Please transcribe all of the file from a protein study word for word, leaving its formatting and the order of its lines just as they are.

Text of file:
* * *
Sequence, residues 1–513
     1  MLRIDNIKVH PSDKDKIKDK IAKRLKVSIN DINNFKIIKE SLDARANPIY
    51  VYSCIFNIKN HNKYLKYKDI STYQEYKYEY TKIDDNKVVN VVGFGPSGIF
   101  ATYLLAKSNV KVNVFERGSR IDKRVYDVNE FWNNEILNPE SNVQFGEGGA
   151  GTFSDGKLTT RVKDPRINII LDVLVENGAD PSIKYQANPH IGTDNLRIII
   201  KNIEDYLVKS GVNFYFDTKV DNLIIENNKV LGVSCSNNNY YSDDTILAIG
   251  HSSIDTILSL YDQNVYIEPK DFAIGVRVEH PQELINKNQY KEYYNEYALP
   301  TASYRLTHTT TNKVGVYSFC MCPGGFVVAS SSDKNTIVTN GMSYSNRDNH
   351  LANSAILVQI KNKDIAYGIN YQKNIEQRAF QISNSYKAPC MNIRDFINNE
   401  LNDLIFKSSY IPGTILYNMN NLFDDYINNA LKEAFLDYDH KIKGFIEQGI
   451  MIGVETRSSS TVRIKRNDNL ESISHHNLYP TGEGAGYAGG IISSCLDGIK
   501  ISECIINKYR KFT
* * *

Sequence, residues 1–513
     1  MLRIDNIKVH PSDKDKIKDK IAKRLKVSIN DINNFKIIKE SLDARANPIY
    51  VYSCIFNIKN HNKYLKYKDI STYQEYKYEY TKIDDNKVVN VVGFGPSGIF
   101  ATYLLAKSNV KVNVFERGSR IDKRVYDVNE FWNNEILNPE SNVQFGEGGA
   151  GTFSDGKLTT RVKDPRINII LDVLVENGAD PSIKYQANPH IGTDNLRIII
   201  KNIEDYLVKS GVNFYFDTKV DNLIIENNKV LGVSCSNNNY YSDDTILAIG
   251  HSSIDTILSL YDQNVYIEPK DFAIGVRVEH PQELINKNQY KEYYNEYALP
   301  TASYRLTHTT TNKVGVYSFC MCPGGFVVAS SSDKNTIVTN GMSYSNRDNH
   351  LANSAILVQI KNKDIAYGIN YQKNIEQRAF QISNSYKAPC MNIRDFINNE
   401  LNDLIFKSSY IPGTILYNMN NLFDDYINNA LKEAFLDYDH KIKGFIEQGI
   451  MIGVETRSSS TVRIKRNDNL ESISHHNLYP TGEGAGYAGG IISSCLDGIK
   501  ISECIINKYR KFT